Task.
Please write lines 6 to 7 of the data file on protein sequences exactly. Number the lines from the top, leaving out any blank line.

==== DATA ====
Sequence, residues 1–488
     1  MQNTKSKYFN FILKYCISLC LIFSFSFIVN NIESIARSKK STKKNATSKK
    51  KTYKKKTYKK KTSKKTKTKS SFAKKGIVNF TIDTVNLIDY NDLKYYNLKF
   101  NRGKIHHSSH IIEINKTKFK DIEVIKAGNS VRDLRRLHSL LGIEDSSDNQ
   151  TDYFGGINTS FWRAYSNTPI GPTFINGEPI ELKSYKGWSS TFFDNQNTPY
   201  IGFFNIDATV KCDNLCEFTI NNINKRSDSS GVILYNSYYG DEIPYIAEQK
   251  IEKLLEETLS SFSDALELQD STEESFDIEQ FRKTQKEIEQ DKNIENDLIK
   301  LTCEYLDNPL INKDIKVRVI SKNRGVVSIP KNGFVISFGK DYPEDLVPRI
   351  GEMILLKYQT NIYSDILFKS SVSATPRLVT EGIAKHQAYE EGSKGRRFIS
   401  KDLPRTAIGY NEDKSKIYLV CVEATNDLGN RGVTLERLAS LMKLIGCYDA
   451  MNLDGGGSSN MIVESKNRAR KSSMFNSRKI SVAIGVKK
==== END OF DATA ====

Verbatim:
   201  IGFFNIDATV KCDNLCEFTI NNINKRSDSS GVILYNSYYG DEIPYIAEQK
   251  IEKLLEETLS SFSDALELQD STEESFDIEQ FRKTQKEIEQ DKNIENDLIK